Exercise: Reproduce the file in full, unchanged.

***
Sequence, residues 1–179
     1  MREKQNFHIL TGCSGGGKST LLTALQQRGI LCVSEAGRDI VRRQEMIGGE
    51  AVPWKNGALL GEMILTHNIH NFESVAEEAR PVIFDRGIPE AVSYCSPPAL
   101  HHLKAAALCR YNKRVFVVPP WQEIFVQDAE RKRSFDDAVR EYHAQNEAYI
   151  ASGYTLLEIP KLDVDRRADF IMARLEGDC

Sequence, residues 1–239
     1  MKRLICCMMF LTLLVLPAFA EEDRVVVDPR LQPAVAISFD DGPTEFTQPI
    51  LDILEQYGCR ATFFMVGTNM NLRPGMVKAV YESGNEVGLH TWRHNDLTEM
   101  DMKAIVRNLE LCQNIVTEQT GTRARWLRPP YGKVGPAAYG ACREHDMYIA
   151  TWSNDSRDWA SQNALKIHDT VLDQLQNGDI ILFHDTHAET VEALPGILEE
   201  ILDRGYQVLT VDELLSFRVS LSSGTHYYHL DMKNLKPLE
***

Sequence, residues 1–179
     1  MREKQNFHIL TGCSGGGKST LLTALQQRGI LCVSEAGRDI VRRQEMIGGE
    51  AVPWKNGALL GEMILTHNIH NFESVAEEAR PVIFDRGIPE AVSYCSPPAL
   101  HHLKAAALCR YNKRVFVVPP WQEIFVQDAE RKRSFDDAVR EYHAQNEAYI
   151  ASGYTLLEIP KLDVDRRADF IMARLEGDC

Sequence, residues 1–239
     1  MKRLICCMMF LTLLVLPAFA EEDRVVVDPR LQPAVAISFD DGPTEFTQPI
    51  LDILEQYGCR ATFFMVGTNM NLRPGMVKAV YESGNEVGLH TWRHNDLTEM
   101  DMKAIVRNLE LCQNIVTEQT GTRARWLRPP YGKVGPAAYG ACREHDMYIA
   151  TWSNDSRDWA SQNALKIHDT VLDQLQNGDI ILFHDTHAET VEALPGILEE
   201  ILDRGYQVLT VDELLSFRVS LSSGTHYYHL DMKNLKPLE